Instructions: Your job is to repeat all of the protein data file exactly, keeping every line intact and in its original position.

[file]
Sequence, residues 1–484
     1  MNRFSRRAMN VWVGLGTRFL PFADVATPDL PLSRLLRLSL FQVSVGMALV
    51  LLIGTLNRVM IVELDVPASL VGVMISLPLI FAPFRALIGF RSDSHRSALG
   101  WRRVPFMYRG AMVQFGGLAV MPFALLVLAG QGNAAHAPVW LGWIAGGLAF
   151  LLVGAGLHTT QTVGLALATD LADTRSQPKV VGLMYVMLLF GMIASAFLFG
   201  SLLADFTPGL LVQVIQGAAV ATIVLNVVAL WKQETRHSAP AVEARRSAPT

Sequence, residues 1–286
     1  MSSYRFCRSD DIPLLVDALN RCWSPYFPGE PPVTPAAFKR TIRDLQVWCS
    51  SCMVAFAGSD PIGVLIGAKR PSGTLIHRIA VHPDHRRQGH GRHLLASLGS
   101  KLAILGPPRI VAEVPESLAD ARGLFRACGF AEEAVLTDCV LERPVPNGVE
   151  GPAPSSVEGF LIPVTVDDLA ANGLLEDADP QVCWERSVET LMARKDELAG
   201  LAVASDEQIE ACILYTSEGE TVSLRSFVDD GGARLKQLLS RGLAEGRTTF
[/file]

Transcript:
Sequence, residues 1–484
     1  MNRFSRRAMN VWVGLGTRFL PFADVATPDL PLSRLLRLSL FQVSVGMALV
    51  LLIGTLNRVM IVELDVPASL VGVMISLPLI FAPFRALIGF RSDSHRSALG
   101  WRRVPFMYRG AMVQFGGLAV MPFALLVLAG QGNAAHAPVW LGWIAGGLAF
   151  LLVGAGLHTT QTVGLALATD LADTRSQPKV VGLMYVMLLF GMIASAFLFG
   201  SLLADFTPGL LVQVIQGAAV ATIVLNVVAL WKQETRHSAP AVEARRSAPT

Sequence, residues 1–286
     1  MSSYRFCRSD DIPLLVDALN RCWSPYFPGE PPVTPAAFKR TIRDLQVWCS
    51  SCMVAFAGSD PIGVLIGAKR PSGTLIHRIA VHPDHRRQGH GRHLLASLGS
   101  KLAILGPPRI VAEVPESLAD ARGLFRACGF AEEAVLTDCV LERPVPNGVE
   151  GPAPSSVEGF LIPVTVDDLA ANGLLEDADP QVCWERSVET LMARKDELAG
   201  LAVASDEQIE ACILYTSEGE TVSLRSFVDD GGARLKQLLS RGLAEGRTTF